Those selections no longer exist on these new menus. Overall, this means that each night the menu is over 30% smaller, giving cruisers fewer options. Previously, the older menus offered 28 selections each evening– this included 10 starters, 9 entrees, and 9 desserts. Now, the menus include 6 starters, 7 entrees, and 6 desserts.
However, even though Royal removed the classics section, many of these dishes still appear on the new menus on various nights.
For instance, cruisers can enjoy shrimp cocktail on four evenings. Likewise, escargot is now available on three occasions: the Welcome Aboard, A Taste of France, and The Royal Night menus. Further, Spaghetti Bolognese was available three times.
Salmon was offered on three nights as well. With only a few other fish-centric dishes, it felt like there needed to be more seafood options though. Further, the cheese plate, one of our staple starters for the table, was gone from the menu completely.
Although, Harmony of the Seas did offer a grilled chicken option each evening. This option was a substitute for that evening’s featured poultry item, like chicken marsala or the autumn turkey dinner.
New Additions to the Royal Caribbean Main Dining Room Menus
While some items have been removed from the Royal Caribbean main dining room menus, there have been some new menu items added. Now, there is a featured vegetarian option each evening, like the spring pea and asparagus risotto or the stuffed red bell pepper.
Also, each evening features an Indian dish. This was a great addition for me. I enjoyed the aromatic chicken saag and the shrimp jalfrezi.
Many of the other menus items will be familiar to Royal cruisers, they are just on different nights/themed menus. The Welcome Aboard dinner still includes prime rib, and the second formal night (The Royal Night) still has the hallmark lobster tail. In 2023, additional lobster tails beyond the first one will cost $16.99 each.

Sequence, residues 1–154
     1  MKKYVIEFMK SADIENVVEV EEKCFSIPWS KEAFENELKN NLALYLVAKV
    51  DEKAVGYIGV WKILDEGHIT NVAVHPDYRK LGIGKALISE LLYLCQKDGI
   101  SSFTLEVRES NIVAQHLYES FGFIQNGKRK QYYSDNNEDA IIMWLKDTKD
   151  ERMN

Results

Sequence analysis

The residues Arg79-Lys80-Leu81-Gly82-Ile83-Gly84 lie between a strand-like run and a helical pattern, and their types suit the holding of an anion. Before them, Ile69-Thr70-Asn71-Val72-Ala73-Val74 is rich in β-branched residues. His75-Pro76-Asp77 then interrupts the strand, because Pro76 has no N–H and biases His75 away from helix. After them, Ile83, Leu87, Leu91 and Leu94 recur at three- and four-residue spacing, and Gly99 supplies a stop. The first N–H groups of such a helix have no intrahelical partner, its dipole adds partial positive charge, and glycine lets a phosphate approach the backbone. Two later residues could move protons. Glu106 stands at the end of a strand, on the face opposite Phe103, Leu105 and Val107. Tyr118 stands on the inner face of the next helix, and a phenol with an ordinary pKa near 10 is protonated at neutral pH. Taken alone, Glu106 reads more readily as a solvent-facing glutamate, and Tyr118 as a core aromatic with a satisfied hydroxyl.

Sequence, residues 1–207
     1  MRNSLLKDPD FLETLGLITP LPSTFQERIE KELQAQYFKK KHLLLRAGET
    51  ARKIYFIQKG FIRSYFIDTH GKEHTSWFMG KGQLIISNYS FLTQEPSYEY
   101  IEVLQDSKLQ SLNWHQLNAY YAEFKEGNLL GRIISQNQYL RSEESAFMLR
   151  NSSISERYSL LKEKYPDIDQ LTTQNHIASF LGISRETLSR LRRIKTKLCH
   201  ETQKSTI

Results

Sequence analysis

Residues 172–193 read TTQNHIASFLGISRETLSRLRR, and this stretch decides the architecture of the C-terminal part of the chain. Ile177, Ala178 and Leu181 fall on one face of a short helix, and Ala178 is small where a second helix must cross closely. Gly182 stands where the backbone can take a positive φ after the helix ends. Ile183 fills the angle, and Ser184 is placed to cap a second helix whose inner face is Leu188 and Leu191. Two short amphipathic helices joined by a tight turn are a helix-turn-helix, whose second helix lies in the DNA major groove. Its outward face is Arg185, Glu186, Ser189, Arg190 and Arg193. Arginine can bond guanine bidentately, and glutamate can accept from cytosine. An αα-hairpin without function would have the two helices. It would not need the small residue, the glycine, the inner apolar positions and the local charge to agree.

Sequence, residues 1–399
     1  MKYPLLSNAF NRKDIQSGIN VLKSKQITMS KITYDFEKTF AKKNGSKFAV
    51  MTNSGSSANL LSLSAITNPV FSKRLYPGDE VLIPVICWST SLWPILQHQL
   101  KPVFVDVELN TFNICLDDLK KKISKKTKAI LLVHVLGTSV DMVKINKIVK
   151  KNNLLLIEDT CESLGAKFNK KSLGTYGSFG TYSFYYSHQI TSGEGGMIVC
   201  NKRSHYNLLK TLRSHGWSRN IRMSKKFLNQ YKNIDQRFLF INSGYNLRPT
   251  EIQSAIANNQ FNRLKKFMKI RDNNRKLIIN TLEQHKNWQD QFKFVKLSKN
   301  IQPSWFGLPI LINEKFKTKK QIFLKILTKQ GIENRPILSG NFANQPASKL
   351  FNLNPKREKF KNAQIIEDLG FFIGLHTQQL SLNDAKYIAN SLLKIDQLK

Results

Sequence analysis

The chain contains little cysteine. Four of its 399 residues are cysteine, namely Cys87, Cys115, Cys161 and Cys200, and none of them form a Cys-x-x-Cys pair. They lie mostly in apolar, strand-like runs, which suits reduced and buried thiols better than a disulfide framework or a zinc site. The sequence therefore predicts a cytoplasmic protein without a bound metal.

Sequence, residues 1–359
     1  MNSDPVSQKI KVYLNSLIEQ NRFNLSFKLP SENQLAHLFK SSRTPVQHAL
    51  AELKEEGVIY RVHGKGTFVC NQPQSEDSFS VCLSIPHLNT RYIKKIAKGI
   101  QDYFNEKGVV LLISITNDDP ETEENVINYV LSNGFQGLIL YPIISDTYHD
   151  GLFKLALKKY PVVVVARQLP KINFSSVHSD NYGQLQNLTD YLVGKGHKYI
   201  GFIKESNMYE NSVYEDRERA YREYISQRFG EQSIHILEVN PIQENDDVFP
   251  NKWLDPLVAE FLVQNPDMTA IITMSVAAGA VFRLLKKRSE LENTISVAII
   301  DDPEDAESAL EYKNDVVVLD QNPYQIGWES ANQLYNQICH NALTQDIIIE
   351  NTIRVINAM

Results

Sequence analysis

While all these changes might sound like bad news, it really wasn’t in our opinion. When compared to our last Royal Caribbean cruise on Navigator of the Seas in December 2022, we actually thought the food preparation was much better.
For instance, the pork chop was a thick cut with plenty of spicy seasoning. The prime rib was perfectly roasted to a medium rare, served juicy and warm.
Further, we were big fans of the new themed approach, including the new Taste of Mexico and Taste of Caribbean options.
Typically, we are not impressed with main dining room desserts. However, of the new options, I did like the peanut-caramel bar on the Welcome Aboard menu. The Italian hazelnut-chocolate cake was essentially a lava cake with sliced hazelnuts. Of course, you can’t go wrong with the warm apple cobbler either.
Finally, one of the announced reasons for these menu changes was to make dinner more efficient. With fewer menu items, the galley can cook up better prepared items that can be served quickly.
While this sounds good in theory, our table of 4 was never out of the main dining room in under 90 minutes. Yes, we did eat solid three course meals each night, with a few rounds of drinks. So, we might be atypical, but the dining room seemed to function like any other Royal Caribbean cruise.
Overall, while there were fewer options, we did enjoy the new Royal Caribbean main dining room menus, even Heidi who is a picky eater. The new selections offered some great, and much needed, diversity. Food quality was improved, and the overall preparation was a notch above what we have come to expect from Royal Caribbean.
While we have heard much negative feedback, we have to disagree based on our recent experience from Harmony of the Seas. Of course, this could be partially related to the novelty of the menu items; however, we suggest you go into your next Royal Caribbean cruise with an open mind and test out some of the new main dining room menu options.
Have you tried the new Royal Caribbean main dining room menus yet? Do you agree with our assessment of these new offerings? Drop us an anchor below to share your thoughts on these recent dining changes.